Change Of Guard

Tanvi Varma/Money Today   Delhi     Print Edition: June 2012

Investing is for the long term. But what if your fund house itself is not here to stay for long? Yes, we are talking about the recent sale of Fidelity Mutual Fund India, which managed assets worth Rs 8,700 crore, to L&T Finance (L&T Mutual Fund).

IS CHANGE GOOD?

People usually invest in a mutual fund on the basis of their aims and the fund's performance. When the fund you have invested in is sold, find out if the new arrangement can still help you meet your goals.

Rs 300 cr was Fidelity India's accumulated loss in March 2011. The loss for the year ended March 2011 was Rs 62 crore.

Let's take the Fidelity-L&T deal. Fidelity India, with a seven-year history, had 70 per cent assets in equity. In the past three years, four of its five equity funds were among the top 10 in their categories. This means it had a strong equity team.

One concern over the deal is that L&T will not retain Fidelity's equity fund management team. But N Sivaraman, president & wholetime director, L&T Finance Holding, is not worried. He says the two fund houses have the same investment philosophy of bottom-up stock-picking based on research.

"We have significant bandwidth in the equity team comprising nine members which will ensure that the integration is smooth and investors continue to enjoy the same high-quality experience," he says.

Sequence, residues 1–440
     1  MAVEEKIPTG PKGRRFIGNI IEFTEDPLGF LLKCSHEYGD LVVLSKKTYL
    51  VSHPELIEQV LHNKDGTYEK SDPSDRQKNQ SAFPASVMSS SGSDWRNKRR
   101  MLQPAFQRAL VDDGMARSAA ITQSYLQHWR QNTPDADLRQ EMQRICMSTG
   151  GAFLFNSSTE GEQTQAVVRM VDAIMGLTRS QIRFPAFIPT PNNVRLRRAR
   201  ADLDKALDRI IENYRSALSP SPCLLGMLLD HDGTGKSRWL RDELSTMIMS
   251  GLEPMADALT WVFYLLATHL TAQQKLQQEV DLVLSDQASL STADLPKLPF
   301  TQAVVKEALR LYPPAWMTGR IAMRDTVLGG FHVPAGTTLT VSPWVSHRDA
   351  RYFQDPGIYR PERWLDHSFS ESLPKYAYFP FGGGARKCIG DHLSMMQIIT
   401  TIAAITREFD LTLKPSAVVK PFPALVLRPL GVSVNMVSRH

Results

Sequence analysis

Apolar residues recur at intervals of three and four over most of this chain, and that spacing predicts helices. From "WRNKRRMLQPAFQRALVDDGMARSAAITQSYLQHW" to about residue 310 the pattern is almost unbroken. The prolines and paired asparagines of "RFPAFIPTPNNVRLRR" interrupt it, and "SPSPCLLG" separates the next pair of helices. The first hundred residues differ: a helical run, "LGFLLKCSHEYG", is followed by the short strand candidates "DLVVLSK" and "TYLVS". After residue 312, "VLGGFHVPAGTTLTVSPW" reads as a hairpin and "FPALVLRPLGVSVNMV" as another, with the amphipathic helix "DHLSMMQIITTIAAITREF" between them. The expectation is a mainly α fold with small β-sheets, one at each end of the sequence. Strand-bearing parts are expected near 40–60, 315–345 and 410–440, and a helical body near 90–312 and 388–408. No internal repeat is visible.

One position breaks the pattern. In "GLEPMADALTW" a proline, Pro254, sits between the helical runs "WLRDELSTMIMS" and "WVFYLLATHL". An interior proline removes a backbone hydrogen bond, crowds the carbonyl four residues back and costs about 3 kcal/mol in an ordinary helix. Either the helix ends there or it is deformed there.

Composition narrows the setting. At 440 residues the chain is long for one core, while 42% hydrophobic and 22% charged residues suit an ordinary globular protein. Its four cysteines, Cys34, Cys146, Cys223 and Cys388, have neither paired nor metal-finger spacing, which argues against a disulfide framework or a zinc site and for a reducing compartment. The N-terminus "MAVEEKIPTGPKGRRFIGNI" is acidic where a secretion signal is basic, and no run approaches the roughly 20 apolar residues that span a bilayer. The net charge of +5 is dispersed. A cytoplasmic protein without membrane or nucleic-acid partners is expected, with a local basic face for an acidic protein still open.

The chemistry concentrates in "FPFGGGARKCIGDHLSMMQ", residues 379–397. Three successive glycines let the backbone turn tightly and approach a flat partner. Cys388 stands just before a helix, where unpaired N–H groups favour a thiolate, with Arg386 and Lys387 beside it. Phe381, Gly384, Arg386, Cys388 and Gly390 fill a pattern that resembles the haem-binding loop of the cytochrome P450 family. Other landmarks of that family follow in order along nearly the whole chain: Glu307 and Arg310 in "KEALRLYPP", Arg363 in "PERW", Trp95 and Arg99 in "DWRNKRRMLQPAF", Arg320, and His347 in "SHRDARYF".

Further, Fidelity's equity team will put in place all investment processes during the transition period.

How Past Takeovers Panned Out

But, a lot will depend on how the fund house shapes up in its entirety considering that L&T Finance has limited experience in the fund management industry.

In fact, L&T Mutual Fund came into existence when it acquired DBS Cholamandalam in 2010; since then, it has been predominantly a debt player with 95 per cent of its Rs 4,000 crore assets in the fixed-income category.

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Observe the performance of the funds vis-a-vis benchmarks for three quarters before taking a decision to buy or sell.

Gaurav Mashruwala

Certified Financial Planner

"It may be worth observing the performance of the funds vis-a-vis benchmarks for three quarters before taking a decision to buy or sell," says Gaurav Mashruwala, a Certified Financial Planner.

Although investors get one month to exit, one must not sell out in a hurry. Ideally, one must watch the fund's performance under the new owner and then take a call.

INDUSTRY STRESS

A number of asset management companies, or AMCs, were caught on the wrong foot by the global financial crisis of 2008. "In fact, in 2008, there were worldwide layoffs in the industry because sponsor companies were not doing well," says Jimmy Patel, CEO of Quantum AMC.

Besides, the Indian stock market has been sluggish of late, leading to a consistent fall in assets under management, or AUM, of the industry for the last few years. To add to the woes, changes in the commission structure, especially the ban on entry load, have shaken the earlier distribution structure. Rising costs are also an issue.

Fidelity India's balance sheet shows accumulated losses of Rs 300 crore in March 2011. The loss for the year ended March 2011 itself was Rs 62 crore on income of Rs 70 crore. While business development costs doubled from Rs 8 crore to Rs 17 crore, commissions to distributors stood at Rs 49 crore, that is, 70 per cent of total income. These costs are significant.

1 Month is the time that investors get to exit if their fund is taken over by another.